4. I’m going to work on convincing Adam that we absolutely must add at least 4 cold frames. This will probably be about as successful as my work in convincing him that we should get chickens.

This book goes on the HIGHLY RECOMMENDED and inspirational list, for sure!


Leave a comment

BPA in canned foods, continued

I wrote a post just a little over a year ago about our efforts to avoid BPA in canned foods. Since then, a handful of organizations have done actual scientific studies on BPA in can liners.  The most damning of these came from the Journal of the American Medical Association:

Urine samples taken during each week of the experiment found that BPA levels increased by 1,221 percent during the week that the participants had canned soup for lunch.

“The magnitude of the rise in urinary BPA we observed after just one serving of soup was unexpected and may be of concern among individuals who regularly consume foods from cans or drink several canned beverages daily,” said Karin Michels, senior author of the study and an associate professor of epidemiology at Harvard, in a prepared statement. “It may be advisable for manufacturers to consider eliminating BPA from can linings.”

(Read the whole article on MinnPost.com)

Now, I posted this article on Facebook and a friend pointed out that an increase of 1221 percent is meaningless if you don’t know the base number.  He’s not wrong, but what concerns me is this: BPA is one of *many* toxic chemicals that are now in our food and water supplies.  Measured individually, each one might come in at a safe/acceptable level, but what about when taken altogether?  No one is studying this, because it would be absolutely impossible to study scientifically. Your research subjects would have to live in a bubble.

Control is such a hard thing. We want to control every aspect of our existence, but we simply can’t. Accepting that can be so hard. I want to follow steps A, B, and C and then get result D. But life has never, ever worked out that way. I can’t do much to control the toxins I take in through the air and even to a large extent, the water.  Food, then, is one of the few areas where I do have a choice.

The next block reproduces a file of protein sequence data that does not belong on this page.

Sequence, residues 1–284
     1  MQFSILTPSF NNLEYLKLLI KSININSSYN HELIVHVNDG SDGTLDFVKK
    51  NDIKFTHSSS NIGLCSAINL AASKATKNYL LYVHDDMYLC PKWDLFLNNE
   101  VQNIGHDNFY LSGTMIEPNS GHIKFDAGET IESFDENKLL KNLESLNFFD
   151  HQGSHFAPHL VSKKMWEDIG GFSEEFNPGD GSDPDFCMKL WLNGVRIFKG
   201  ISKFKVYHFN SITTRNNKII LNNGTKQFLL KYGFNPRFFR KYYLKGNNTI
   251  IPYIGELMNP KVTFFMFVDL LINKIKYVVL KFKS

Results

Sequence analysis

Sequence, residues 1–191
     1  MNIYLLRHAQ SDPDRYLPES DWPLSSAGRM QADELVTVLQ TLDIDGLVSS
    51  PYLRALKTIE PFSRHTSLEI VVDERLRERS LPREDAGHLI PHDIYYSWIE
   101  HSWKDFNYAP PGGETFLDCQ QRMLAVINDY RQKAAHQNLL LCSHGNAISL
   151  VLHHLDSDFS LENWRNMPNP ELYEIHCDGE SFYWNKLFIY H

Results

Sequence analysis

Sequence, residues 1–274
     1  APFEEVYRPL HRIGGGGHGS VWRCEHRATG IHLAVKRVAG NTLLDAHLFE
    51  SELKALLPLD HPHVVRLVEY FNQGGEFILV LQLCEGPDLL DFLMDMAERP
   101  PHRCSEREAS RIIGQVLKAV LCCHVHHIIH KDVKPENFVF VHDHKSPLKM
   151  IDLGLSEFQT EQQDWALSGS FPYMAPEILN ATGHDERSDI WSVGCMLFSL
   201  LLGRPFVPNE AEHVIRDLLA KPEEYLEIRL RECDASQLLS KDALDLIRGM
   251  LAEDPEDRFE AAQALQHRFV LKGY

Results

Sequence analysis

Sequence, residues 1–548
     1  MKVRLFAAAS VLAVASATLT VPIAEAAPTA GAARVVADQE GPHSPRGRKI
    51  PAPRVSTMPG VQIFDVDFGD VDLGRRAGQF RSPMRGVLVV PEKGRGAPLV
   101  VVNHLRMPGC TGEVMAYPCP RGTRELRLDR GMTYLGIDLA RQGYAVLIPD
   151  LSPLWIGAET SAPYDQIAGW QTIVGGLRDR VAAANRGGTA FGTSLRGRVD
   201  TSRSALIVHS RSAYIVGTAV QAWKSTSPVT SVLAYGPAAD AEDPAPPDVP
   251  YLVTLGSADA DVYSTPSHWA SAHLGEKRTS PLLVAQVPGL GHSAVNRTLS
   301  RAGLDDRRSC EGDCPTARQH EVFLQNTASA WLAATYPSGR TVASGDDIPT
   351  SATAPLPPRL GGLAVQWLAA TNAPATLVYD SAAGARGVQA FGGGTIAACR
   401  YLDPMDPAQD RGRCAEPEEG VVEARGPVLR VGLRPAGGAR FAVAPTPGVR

The study specifically mentioned canned soups; I can’t think of a easier thing to phase out.  I am not much of a cook, but soup is pretty much the easiest thing in the world to make.  Take a crockpot.  Add some water and some veggies, legumes, meat, and/or herbs.  Turn it on and leave it for 8 hours.  Done.  Every time I make soup, I double the recipe and freeze the leftovers in glass pint jars. Fast, BPA-free food.

What do you think, gentle readers?  Are you taking steps to avoid canned food?


2 Comments

Drying foods for long-term storage

Here’s an area I’m just starting to, uh, get my feet wet in. A while back, I realized how fantastic certain herbs tasted when homegrown and dried. Last year, we had a very respectable herb store for the winter. We still have a bit of 2010 thyme left, more than enough to last us until April, so I didn’t dry any thyme this year.

This year I really wanted to get into growing my own herbal teas. So to that end, I planted significantly more mint in the shady area on the north side of the house. I’m not sure whether that long-term strategy is going to pay off because the mint just does not grow very enthusiastically in the deep shade. I may try more mint elsewhere in the yard next year–avoiding full sun so that it doesn’t get completely out of control. So here’s my respectable (in my opinion) first-ever herbal tea harvest for 2011:

home grown herbal teas